Immunological defense
One interesting alternative is immunological defense. This may be the closest parallel between biology and cyber-system defense, driven quite intentionally through model development around biological immunology. These approaches aim to overcome the fundamental un-scalability of signature-based recognition by instead relying on behavior recognition, which need not examine the level of pathogen detail required to match signatures.

One example looks at detecting network intrusion and mimics the immune process quite closely (see “TAT-NIDS: An Immune-Based Anomaly Detection Architecture for Network Intrusion Detection“). Immune cells tune themselves to distinguish between “self” (normal behavior) and “non-self” (attackers) by looking at behavior. For example, behavior may be characterized by a requestor IP-address and a target IP-address, or it might be triggered by some signature of an encryption key appearing in a communication channel. Some of these patterns will be learned to be “self” behavior — the normal operation of the system. Anything outside the self-behavior is considered to signal an intrusion attempt.

What is especially interesting about this general approach is that it is local, it is potentially quite inexpensive (behavior detection is typically much simpler than matching many signatures), and it is automatically able to detect new “non-self” threats (anything which is not identified as self is automatically a potential threat). Thus, it can respond quickly at minimum cost and it can autonomously detect new threats (where a signature-based method could not).

The immune response system (Click here to see a larger image.)

The immune response system
(Click here to see a larger image.)

We are concerned in this section with detection/recognition. This stage detects antigens (by-products of a pathogen). Subsequently, through several steps, signals need to generate anti-bodies for broader defense.

There is, unfortunately, a downside to behavioral detection — by the time a problem has been detected, the node may already be infected (as in the case where an encryption key is detected outside the area it should be accessed). Similar problems occur in cell biology and suggest a system-level view of defense as discussed in the next section.

Responding to an attack
Once a threat has been detected, it must be removed or isolated. Autonomous removal may not be a good idea — think of the complexity of removing a virus from a PC and the subsequent uncertainty that the problem has really been fixed. Any such approach seems completely unmanageable at IoT edge-nodes. Cleanup probably requires human intervention, but we need an immediate mechanism to stop the spread of infection.

Again we can learn from biology. A damaging attack triggers cell death through either necrosis or apoptosis (see Molecular Biology of the Cell, 4th edition ). Necrosis is uncontrolled death — the successful completion of an attack. Cells swell and burst, spilling their contents and further spreading infection. Apoptosis (programmed cell death) is controlled death — a successful defense against infection. This is a sequence of steps that slices the complete cell up, along with invaders, into small components. The details behind this disassembly are fascinating, but what is important here is the triggering process. This can be intrinsic, triggered internally by mitochondria detecting damage to the cell, or extrinsic, triggered externally by T-cells detecting antigens and then creating proteins that bind to the “death receptor” protein on the surface of the infected cell, thereby stimulating the apoptosis pathway inside the cell. Allowing for both solutions provides a double defense, accepting that the internal defense may be compromised before it can fully take effect.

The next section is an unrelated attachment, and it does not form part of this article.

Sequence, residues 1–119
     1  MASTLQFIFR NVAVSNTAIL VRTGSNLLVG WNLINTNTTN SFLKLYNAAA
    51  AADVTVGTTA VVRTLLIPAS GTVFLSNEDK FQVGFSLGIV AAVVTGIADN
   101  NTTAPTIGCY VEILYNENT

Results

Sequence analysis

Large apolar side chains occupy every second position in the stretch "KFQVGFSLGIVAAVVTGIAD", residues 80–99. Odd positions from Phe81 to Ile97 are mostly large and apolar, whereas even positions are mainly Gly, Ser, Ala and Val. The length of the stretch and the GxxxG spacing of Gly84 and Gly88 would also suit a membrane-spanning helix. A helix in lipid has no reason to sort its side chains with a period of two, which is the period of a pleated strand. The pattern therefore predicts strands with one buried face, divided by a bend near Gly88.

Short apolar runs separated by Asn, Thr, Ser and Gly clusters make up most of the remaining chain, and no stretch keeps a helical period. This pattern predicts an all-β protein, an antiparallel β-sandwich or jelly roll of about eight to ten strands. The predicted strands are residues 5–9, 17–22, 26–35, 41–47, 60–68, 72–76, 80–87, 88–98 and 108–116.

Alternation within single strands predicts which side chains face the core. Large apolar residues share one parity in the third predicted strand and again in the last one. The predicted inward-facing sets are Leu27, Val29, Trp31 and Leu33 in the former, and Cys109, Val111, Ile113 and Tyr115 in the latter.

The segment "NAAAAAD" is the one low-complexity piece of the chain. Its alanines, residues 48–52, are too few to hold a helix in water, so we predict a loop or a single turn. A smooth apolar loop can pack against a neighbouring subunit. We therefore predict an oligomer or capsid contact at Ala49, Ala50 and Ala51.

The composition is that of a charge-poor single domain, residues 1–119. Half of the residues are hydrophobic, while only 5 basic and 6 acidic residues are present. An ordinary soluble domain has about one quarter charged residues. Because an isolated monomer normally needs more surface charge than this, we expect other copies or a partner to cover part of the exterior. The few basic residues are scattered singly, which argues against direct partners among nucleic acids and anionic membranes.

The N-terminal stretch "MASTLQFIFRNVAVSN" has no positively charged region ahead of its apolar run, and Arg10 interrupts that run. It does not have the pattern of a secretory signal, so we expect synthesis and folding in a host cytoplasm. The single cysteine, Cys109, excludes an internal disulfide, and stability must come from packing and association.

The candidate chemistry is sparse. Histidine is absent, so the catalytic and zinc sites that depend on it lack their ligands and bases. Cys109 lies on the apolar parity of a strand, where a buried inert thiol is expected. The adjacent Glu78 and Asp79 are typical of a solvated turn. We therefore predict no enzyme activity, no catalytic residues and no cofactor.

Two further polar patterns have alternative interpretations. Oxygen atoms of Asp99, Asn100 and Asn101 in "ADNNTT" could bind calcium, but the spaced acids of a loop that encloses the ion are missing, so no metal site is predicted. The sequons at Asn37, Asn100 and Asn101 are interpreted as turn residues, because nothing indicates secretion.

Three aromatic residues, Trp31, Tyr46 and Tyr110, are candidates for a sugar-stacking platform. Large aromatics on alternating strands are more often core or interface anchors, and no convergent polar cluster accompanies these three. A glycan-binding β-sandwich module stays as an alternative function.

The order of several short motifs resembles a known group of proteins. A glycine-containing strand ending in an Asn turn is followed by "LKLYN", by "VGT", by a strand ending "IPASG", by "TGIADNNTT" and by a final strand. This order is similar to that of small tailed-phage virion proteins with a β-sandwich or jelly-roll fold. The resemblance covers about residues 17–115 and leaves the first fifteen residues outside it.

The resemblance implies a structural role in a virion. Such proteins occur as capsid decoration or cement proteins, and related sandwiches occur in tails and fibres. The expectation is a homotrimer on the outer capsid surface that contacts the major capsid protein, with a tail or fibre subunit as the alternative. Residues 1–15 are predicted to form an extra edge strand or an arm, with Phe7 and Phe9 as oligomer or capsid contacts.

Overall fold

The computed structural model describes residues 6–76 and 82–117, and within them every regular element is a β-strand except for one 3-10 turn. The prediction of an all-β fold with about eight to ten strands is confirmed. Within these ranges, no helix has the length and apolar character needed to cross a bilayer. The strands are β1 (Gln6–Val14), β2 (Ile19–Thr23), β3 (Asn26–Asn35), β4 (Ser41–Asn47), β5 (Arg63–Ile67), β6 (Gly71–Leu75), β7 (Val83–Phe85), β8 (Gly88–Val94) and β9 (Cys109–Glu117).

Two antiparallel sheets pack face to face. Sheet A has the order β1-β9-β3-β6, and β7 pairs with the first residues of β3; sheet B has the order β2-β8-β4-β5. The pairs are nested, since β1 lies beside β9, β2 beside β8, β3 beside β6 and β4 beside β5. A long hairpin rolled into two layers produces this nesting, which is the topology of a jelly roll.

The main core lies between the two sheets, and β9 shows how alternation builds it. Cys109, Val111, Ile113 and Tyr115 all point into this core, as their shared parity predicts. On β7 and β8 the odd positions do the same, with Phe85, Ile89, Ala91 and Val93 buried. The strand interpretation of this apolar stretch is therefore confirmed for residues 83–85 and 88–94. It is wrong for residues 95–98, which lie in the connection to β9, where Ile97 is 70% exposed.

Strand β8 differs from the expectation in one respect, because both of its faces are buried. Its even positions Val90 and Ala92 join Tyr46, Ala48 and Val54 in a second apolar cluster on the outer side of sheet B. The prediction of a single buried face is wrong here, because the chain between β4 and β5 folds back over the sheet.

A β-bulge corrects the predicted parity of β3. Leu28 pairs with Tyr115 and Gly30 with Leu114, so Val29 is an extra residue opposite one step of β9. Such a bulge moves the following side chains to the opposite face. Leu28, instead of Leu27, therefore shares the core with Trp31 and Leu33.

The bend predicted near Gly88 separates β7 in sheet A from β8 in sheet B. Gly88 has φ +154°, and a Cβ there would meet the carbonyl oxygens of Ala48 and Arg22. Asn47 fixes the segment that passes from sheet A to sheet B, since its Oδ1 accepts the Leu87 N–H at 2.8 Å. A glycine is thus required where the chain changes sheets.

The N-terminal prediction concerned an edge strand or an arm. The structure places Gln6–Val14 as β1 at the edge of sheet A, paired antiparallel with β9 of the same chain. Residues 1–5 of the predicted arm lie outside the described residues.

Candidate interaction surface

To read the rest of this article, visit EBN sister site EETimes.

4 comments on “Biology, Deceit & Security in the Internet of Things

  1. Daniel
    October 16, 2014

    “The number of devices and sensors (the “edge-nodes”) required to support this (hopefully) utopian vision is no longer scaled by the human population, but rather by the number of “things” to be interconnected. Some estimates place the number of likely edge-nodes as high as one trillion. To put that number in perspective, such a system could scale up the number of devices connected to the Internet today by a factor of one thousand. We are now at the early stages of this adoption curve.”

    Bernard, there is no doubt that security is a major concern with networked devices. When more IoT devices are deployed, such concerns might increase further. Most of the IoT based devices and systems are going to be deployed in residential and industrial domains; where privacy is a major concern.

  2. Bernard Murphy
    October 16, 2014

    @Jacob – thanks and agreed. The CIA worries about the national security implications, but I suspect neither they nor the NSA are overly-worried about privacy implications and are perhaps even looking forward to new ways they can exploit those holes.

  3. Daniel
    October 17, 2014

    “The CIA worries about the national security implications, but I suspect neither they nor the NSA are overly-worried about privacy implications and are perhaps even looking forward to new ways they can exploit those holes.”

    Bernard, in most of the cases they use to secure datas and info's by poking into loop holes of others.

  4. FLYINGSCOT
    October 17, 2014

    Today criminals mostly wear bankers suits or geeky Tshirts and shorts.  As the IoT proliferates there will be more and more opportunities for bad people to do bad things so if biology helps us protect our important data then I am all up for that.